Doug Garnett’s Blog


Effies and The Tide Super Bowl Ad: Great Start but Execution Drops the Ball

<strong>Effies and The Tide Super Bowl Ad:</strong> Great Start but Execution Drops the Ball

Mark Ritson recently recorded a generally brilliant video analysis of Tide’s recent Super Bowl advertising. If you haven’t read, this campaign was awarded the Grand Effie for 2019.

Overall, Ritson nails almost everything and below I’ll discuss the tremendously critical fact we should ALL take from his observations.

While I agree with most of Ritson’s analysis, I disagree on the quality of the creative execution.

I’ve created a lot of TV ads that are highly effective and this ad’s execution didn’t live up to the brief.

You need to know that the core “joke” in the ad is that all the actors we see in TV shows are always “clean” — not like real people in real reality. Ok. Kinda true. But here are my thoughts..

1. The ad creative team may have felt that everyone on TV is always clean. But that’s not a generally known or accepted idea. So for Tide to get the most from the ad, they would have had to establish the idea. They didn’t. The advertisement jumps in as if we already know that.

2. The execution of the commercial requires sound to even begin to understand the “clean” theory. Without sound, the visuals don’t have impact in the direction Tide wanted. In my family we mute ads — but rewind and rewatch those we care about. I remember seeing Tide’s ads and not having a clue what they were about. All we got from them was the Tide logo in the slate at the end — 3-5 seconds of Tide from each ad. A waste of 40 seconds. (Remember that this includes raucous Super Bowl parties and bars where sound is rarely heard.)

3. Even with sound on, the first ad in the sequence — a critical foundation — is incredibly unclear about the concept (cleanliness on TV). I left that ad in the dedicated viewing of Ritson’s video unclear as to why anyone at the agency would think they scored. The remaining two ads did a far better job of reaching that clarity.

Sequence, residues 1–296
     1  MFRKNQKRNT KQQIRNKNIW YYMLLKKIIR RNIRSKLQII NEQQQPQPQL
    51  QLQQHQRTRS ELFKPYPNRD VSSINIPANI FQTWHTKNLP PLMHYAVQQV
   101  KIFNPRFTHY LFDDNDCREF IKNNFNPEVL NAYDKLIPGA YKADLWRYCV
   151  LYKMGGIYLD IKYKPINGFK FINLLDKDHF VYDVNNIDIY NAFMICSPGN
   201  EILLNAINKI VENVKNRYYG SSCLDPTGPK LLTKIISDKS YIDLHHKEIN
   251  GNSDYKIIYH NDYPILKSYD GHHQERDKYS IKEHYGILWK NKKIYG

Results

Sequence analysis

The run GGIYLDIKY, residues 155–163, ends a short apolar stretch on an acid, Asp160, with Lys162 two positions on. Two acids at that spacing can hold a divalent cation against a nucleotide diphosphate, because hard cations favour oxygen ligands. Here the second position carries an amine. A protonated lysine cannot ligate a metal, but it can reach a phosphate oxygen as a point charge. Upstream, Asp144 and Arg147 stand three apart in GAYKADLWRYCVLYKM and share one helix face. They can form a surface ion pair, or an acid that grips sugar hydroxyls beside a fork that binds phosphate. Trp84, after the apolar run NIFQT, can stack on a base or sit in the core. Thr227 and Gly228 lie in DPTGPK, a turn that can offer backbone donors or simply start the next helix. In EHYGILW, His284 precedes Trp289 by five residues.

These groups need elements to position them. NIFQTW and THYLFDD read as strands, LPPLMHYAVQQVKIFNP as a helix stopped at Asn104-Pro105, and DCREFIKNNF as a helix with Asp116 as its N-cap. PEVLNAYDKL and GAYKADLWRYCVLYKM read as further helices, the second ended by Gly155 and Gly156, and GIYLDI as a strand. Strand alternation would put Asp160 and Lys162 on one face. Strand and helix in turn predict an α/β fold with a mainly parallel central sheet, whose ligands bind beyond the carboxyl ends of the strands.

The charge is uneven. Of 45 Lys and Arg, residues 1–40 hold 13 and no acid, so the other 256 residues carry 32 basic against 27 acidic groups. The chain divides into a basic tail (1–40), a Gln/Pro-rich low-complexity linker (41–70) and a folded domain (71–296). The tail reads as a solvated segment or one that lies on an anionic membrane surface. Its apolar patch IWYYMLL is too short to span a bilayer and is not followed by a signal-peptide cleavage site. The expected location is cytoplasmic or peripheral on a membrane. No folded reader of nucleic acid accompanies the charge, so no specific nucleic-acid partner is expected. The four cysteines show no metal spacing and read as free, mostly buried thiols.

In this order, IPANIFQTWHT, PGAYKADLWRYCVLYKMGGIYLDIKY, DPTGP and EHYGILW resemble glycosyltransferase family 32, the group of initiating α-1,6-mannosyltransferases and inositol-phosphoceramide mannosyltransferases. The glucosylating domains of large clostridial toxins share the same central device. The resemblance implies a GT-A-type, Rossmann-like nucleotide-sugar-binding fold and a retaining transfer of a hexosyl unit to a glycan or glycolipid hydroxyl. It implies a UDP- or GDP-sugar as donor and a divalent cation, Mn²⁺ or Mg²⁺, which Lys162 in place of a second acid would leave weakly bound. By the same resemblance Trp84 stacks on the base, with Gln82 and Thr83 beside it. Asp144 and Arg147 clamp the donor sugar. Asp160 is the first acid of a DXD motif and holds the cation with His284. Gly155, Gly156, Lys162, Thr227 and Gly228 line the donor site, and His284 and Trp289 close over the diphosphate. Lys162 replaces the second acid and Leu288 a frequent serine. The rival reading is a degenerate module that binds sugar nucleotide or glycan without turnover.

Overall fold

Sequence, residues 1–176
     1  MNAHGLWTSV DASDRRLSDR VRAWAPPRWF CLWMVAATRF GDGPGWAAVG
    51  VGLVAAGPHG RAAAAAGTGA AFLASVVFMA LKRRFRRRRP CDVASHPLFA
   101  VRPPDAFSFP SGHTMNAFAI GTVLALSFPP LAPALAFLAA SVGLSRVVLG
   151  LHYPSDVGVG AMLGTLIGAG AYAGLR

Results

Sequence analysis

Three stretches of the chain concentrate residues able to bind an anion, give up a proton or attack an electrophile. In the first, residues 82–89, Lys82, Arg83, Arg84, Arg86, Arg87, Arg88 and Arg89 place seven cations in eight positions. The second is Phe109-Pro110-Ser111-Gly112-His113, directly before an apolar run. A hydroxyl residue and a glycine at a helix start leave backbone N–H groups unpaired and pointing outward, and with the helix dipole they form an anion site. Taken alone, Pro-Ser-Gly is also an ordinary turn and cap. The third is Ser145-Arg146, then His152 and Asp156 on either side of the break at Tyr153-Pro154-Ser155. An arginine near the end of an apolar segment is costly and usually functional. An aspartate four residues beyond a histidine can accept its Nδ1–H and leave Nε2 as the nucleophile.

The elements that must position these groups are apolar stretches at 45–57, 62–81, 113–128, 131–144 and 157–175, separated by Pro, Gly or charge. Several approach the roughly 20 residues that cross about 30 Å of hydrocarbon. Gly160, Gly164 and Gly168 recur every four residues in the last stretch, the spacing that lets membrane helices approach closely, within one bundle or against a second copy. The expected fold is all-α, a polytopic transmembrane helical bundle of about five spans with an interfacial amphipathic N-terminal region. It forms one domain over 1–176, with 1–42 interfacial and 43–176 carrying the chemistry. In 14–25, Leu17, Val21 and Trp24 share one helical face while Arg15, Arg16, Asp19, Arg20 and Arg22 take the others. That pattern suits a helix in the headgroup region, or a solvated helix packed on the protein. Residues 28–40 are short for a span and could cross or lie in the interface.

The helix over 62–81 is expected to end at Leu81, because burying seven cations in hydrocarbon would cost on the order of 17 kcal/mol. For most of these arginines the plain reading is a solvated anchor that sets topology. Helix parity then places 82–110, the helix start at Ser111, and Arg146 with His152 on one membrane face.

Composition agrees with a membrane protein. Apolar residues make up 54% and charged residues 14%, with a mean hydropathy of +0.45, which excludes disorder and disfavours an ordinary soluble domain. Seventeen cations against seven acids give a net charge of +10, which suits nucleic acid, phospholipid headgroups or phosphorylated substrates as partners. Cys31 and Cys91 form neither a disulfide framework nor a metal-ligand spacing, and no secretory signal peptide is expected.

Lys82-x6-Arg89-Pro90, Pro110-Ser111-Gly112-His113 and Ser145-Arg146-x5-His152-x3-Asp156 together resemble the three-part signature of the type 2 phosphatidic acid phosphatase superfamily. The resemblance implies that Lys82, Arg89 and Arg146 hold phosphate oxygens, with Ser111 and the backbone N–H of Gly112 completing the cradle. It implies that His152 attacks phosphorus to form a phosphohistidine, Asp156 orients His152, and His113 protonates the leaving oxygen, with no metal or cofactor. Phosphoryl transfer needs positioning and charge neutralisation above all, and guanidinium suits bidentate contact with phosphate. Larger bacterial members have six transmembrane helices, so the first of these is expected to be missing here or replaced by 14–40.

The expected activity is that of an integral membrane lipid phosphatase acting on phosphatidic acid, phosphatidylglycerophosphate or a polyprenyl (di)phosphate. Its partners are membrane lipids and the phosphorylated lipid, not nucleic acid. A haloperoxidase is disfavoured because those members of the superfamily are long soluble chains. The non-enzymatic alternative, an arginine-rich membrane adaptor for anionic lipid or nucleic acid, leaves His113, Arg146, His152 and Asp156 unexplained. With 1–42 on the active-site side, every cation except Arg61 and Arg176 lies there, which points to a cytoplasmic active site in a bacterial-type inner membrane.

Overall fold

4. That the ad is “self-referential” as AdAge called it is a very serious problem. I generally advise staying away from self-referential for exactly the reasons this ad execution struggles. Inside jokes, for example, don’t often work because the wide world of mass marketing is clueless about the joke. Same with most of the “make fun of focus group” ads I see — they’re based on agency perceptions not mass perceptions.

So while the brief from P&G was excellent (on this I fully concur with Mark), I rate the ad a B- because the execution failed the brief and strategy.

Consumer Effies seem to be awarded to agencies with popular ads around which their written submission creates a perception of effectiveness.

A few years ago I wrote about a W+K campaign where judging at the Effies was horrific — and whoever wrote the entry would have been docked grades had the submission be written for my class. The truth discovered in that case? Nobody checks anything at the Effies — or at least from what I can see.

That means the Effies are, really, pretty much like every other award show but with a title that implies what we’d all really rather see.

How bad is the fail for Tide?

I’m waiting for the Tide case study to be released — but this morning it wasn’t yet on the Effie website. When it’s released, I’ll dig in and look at what they submitted and update this post.

My guess? Overall they probably delivered results — even though execution was less than desired. There is still a lot of fundamental reminder-ness in the ad for anyone with the sound on. On the other hand, I don’t think they changed the discussion in the industry. That will take years of far clearer communication than we saw in this award winner.

Mark Ritson’s most important point? On average, targeting only contributes 9% of the impact leading to an effective ad.

Nine percent. Let me say it again, 9%. That’s less contribution than (1) the reach of the ad (nearly the opposite of targeting), (2) the brand advertised, or (3) the creative execution (biggest of all). With 25 years making TV ads and measuring effectiveness, Nielsen has it generally right.

It’s incredibly shocking we’re not hearing this said more often. Of course, all those folks trying to build their profits foisting retargeting and hyper-targeting online upon brands and advertisers don’t want us to know reality. They’ve done a very nice job of suggesting the only thing that matters IS targeting.

We need to start demanding that they refine that statement:  Targeting is less than 10% of impact.

©2019 Doug Garnett — All Rights Reserved

Through my company Protonik LLC based in Portland Oregon, I advise a select group of clients to drive success with better marketing of new and innovative products. I also work with clients attempting to bring new life to Shelf Potatoes or take their existing products to new markets. You can read more about these services and my unusual background (math, aerospace, supercomputers, consumer goods & national TV ads) at

Categories:   Advertising, Brand Advertising, Business and Strategy, Media